Pointing out the 2021 proxy season is near, Michael S. Melbinger, an attorney at Winston & Strawn LLP tells clients in the company’s blog some of the human capital issues they need to consider in light of the new Securities & Exchange Commission disclosure requirements:
  • The organizational structure through which the company manages its human capital resources.
  • Internal rates of hiring and promotion.
  • Measures regarding average hours of training per employee per year.
  • Measures regarding worker productivity.
  • The education and experience of the company’s workforce.
  • Succession planning for potential successors to senior leadership roles.
  • Opportunities for emerging talent in the organization.
  • The safety of the workforce, including frequency, severity and lost-time due to injuries, illnesses and fatalities, and percent of first-tier suppliers that were audited for safety and health compliance.
  • Inculcating company culture and norms.
  • Information regarding the trend of all/each of the human capital factors above."
In a recent article in the New York Times, “Business Roundtable Stakeholder Capitalism Gets a Report Card: It’s Not Good,” author Peter S. Goodman cites numerous examples of Business Roundtable members overlooking the principles of the charter they signed to address the interests of all stakeholders. However, the writer provides no formal definition of Stakeholder Capitalism upon which to draw this conclusion. (Stakeholder Capitalists must make tough decisions too, such as a highly successful employee-owned company that had to lay off employees after the pandemic struck to preserve the survival of the enterprise.)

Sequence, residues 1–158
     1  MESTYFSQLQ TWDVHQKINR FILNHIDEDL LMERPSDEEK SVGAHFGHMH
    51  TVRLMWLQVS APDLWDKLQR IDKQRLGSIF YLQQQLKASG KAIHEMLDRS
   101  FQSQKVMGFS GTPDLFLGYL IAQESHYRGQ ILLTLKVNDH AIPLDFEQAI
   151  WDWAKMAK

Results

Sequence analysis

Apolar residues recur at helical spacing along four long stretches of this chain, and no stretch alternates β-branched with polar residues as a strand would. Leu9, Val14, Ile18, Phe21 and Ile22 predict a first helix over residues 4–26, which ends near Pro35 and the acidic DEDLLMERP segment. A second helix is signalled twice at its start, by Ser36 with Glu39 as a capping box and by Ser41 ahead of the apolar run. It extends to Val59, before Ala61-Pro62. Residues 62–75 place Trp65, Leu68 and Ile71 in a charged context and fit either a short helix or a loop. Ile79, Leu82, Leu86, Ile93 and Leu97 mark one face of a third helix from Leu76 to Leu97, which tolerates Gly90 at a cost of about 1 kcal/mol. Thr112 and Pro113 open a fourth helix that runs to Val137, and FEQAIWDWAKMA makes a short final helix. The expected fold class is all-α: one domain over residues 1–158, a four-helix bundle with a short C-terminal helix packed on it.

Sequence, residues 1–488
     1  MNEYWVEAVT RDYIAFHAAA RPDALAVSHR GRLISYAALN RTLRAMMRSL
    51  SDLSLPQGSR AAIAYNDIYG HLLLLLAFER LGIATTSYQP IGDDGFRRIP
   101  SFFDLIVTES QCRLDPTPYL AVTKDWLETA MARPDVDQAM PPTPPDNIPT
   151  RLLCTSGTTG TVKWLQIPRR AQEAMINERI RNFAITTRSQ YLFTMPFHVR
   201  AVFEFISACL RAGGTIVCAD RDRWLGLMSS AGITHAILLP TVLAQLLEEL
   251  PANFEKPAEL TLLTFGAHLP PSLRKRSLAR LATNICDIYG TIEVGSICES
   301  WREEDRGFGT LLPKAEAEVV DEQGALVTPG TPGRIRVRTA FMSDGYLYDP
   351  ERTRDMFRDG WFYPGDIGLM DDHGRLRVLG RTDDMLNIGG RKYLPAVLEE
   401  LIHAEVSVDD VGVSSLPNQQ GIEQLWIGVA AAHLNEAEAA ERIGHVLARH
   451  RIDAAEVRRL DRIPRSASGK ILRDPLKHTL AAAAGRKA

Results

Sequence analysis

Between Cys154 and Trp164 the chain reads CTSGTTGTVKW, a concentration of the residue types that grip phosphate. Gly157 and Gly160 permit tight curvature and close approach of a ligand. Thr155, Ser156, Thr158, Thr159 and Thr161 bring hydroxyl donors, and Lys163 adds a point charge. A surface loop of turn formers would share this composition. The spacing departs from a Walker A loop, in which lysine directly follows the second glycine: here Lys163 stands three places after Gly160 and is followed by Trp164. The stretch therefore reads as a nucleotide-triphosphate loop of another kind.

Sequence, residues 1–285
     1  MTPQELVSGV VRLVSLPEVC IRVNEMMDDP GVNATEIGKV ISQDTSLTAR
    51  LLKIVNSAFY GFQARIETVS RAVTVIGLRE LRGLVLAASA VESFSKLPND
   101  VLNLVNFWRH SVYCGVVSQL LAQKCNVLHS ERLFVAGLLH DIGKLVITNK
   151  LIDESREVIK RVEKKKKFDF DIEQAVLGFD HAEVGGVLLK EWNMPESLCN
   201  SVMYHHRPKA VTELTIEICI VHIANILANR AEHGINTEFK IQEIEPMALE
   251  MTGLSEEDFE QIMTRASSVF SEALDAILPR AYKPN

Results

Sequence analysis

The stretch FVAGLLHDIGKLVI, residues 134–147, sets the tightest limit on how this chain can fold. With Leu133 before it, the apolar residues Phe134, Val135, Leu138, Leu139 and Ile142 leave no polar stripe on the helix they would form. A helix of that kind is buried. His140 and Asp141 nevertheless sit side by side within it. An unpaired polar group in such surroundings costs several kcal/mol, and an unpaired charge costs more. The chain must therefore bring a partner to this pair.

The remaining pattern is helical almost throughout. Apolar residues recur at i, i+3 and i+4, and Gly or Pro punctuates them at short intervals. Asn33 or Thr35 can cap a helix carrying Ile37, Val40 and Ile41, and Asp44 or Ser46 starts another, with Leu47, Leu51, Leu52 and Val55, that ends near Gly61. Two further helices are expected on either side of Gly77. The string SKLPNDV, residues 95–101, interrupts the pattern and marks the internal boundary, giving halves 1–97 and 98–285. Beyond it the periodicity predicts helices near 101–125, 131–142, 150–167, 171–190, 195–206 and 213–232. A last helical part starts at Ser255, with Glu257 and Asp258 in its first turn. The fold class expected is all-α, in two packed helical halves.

Writer Andrew Stuttaford writes in National Review that Stakeholder Capitalism will result in “a country that is poorer and less free than it should be." The writer states: “Stakeholder capitalism is a modish name for what is just another expression of corporatism, an old ideology with a sometimes sinister past that, because of the power it gives to the unelected and the unaccountable, will never fall far out of style. That, in this case, it involves playing around with other people’s money only adds to its sleazy appeal.” 
Similarly, in an Economist, article, “What Is Stakeholder Capitalism,” the writer warns: “Beware of a new world of near impossible trade-offs." Yet he too never provides a clear widely accepted definition.
On the other end of the spectrum, Binyamim Applebaum, a member of the New York Times editorial board, writes recently, "Government remains the most powerful means to express our collective will. The necessary solution is to create stronger incentives for good behavior and laws against bad behavior. Instead of urging power companies to burn less fossil fuel, tax carbon emissions. Instead of pleading with McDonald’s to raise wages, raise the federal minimum wage. Instead of shaming Amazon for squeezing small business, enforce antitrust laws."
This one week of news reflects a lot of discussion about a subject that has yet to have a formal, widely accepted definition.